Why Aboriginal women want to avoid the biomedical system: Aboriginal and Torres Strait Islander women's stories

Donna Hartz, Melanie Briggs, Sue Anne Cutmore, Dea Delaney-Thiele, Cherisse Buzzacott

Research output: Chapter in Book/Report/Conference proceedingChapterpeer-review

Abstract

In this chapter, four Aboriginal women tell stories about their births, their choices and the racism and abuse they received. They discuss the importance of culturally sensitive care and how this keeps women both culturally and physically safe. Some made choices (such as to homebirth) to protect themselves and their babies, and to ensure they received the care they needed. Some were failed badly by the system and tell a story of trauma and pain. Others are driving forces behind setting up services to help Aboriginal women reclaim their cultural rights in maternity care. Birthing on Country is one way this is happening in Australia. In some ways, birthing in the biomedical model for Aboriginal women is, as Dea states above, birthing outside the system. Birthing on Country is a way to place birth within the Aboriginal system again, combining cultural safety as a central principle with the added support of the medical care when needed.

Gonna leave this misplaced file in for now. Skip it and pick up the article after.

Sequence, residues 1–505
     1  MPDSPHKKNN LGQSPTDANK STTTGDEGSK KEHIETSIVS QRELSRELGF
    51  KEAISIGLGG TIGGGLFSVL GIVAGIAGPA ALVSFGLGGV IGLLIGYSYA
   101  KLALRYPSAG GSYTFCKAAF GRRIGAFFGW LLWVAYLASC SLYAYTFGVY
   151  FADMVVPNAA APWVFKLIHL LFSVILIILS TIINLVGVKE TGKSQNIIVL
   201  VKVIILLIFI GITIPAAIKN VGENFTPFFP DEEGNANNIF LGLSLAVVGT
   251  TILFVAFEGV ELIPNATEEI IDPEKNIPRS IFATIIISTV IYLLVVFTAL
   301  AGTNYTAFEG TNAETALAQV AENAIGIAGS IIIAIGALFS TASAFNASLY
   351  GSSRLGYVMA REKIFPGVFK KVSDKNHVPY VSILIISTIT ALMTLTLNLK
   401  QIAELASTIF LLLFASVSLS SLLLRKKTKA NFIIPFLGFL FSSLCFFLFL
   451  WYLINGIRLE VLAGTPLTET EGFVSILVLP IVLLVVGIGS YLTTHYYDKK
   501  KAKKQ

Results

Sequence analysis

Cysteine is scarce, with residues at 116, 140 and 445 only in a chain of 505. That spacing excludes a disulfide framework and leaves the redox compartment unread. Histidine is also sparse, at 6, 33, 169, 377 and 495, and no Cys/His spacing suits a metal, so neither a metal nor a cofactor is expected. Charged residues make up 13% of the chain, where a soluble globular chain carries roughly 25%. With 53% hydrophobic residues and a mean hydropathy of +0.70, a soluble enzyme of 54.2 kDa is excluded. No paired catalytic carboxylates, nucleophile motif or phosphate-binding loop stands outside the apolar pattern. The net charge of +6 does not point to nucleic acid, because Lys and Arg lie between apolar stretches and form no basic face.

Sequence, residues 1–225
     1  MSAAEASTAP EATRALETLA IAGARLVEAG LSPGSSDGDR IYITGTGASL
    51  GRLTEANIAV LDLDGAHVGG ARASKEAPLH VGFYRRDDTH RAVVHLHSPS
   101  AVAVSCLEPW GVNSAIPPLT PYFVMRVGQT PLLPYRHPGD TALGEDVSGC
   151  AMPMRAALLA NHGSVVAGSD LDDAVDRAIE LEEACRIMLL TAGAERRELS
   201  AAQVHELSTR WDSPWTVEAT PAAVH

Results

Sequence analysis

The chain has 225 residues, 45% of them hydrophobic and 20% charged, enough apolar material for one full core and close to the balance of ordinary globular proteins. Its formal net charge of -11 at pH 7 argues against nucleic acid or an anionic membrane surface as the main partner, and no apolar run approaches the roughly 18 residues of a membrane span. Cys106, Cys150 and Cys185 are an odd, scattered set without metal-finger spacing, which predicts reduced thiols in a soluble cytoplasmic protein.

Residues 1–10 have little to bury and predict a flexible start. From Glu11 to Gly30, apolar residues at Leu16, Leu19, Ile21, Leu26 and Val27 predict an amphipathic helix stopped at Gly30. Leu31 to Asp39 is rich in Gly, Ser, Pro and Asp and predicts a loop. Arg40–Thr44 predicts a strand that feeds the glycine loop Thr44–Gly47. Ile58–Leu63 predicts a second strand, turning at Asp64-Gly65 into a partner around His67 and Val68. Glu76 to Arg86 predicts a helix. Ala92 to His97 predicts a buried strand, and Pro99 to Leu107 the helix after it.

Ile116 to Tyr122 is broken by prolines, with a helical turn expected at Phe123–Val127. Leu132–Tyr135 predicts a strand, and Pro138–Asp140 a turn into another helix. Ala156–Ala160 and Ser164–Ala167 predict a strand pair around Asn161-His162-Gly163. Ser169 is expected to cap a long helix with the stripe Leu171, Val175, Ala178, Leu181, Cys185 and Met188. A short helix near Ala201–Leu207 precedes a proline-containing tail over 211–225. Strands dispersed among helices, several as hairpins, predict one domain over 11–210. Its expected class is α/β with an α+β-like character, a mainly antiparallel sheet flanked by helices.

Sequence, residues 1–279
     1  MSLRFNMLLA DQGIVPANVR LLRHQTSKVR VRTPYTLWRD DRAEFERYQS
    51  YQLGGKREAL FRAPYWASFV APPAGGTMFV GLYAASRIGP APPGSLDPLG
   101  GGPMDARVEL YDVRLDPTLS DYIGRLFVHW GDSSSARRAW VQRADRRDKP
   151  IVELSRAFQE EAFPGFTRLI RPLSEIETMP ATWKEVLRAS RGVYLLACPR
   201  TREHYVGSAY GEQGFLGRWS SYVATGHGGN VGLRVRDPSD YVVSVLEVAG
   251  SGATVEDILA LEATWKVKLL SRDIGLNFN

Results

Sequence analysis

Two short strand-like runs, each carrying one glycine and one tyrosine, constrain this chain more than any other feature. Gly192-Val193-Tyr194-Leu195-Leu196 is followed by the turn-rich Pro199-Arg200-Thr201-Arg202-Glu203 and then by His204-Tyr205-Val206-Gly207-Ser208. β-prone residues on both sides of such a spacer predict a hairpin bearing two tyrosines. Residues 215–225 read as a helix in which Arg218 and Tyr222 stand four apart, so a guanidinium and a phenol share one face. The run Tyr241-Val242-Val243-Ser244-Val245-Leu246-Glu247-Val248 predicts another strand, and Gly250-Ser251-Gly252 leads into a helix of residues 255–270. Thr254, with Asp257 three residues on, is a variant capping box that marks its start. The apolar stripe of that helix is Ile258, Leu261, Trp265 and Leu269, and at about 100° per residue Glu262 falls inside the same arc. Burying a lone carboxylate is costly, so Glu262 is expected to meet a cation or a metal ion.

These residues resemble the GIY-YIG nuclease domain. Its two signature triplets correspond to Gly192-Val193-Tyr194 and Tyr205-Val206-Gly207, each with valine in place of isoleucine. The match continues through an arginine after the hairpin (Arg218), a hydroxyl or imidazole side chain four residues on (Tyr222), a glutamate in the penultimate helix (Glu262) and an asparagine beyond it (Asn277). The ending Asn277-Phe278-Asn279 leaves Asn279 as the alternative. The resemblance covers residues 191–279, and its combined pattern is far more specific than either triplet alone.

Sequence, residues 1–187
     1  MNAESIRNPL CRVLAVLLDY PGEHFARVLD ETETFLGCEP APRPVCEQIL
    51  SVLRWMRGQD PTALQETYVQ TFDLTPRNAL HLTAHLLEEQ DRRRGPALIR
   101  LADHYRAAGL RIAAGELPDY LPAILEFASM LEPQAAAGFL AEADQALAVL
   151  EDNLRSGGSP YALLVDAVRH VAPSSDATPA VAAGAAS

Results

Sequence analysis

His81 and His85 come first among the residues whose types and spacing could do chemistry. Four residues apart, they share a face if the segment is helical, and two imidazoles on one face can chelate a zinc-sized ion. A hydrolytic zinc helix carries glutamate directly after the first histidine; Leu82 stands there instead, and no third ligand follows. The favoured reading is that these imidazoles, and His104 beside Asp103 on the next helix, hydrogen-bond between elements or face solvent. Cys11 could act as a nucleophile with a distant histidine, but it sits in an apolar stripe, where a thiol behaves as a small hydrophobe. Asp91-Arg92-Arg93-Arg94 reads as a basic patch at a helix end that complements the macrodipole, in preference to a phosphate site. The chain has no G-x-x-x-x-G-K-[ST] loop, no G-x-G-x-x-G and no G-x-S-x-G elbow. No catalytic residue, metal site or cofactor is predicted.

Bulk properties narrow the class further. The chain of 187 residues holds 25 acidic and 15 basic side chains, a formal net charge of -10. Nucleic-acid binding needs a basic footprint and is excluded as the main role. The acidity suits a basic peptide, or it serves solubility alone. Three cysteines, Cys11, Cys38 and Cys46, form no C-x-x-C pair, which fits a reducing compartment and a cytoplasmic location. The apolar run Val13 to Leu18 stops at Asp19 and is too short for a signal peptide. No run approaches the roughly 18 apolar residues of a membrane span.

Original languageEnglish
Title of host publicationBirthing Outside the System
Subtitle of host publicationThe Canary in the Coal Mine
EditorsHannah Dahlen, Bashi Kumar-Hazard, Virginia Schmied
PublisherTaylor & Francis
Chapter16
Pages344-359
Number of pages16
Edition1st
ISBN (Electronic)9780429489853
ISBN (Print)9781138592704
Publication statusPublished - 5 Feb 2020

Publication series

NameRoutledge Research in Nursing and Midwifery

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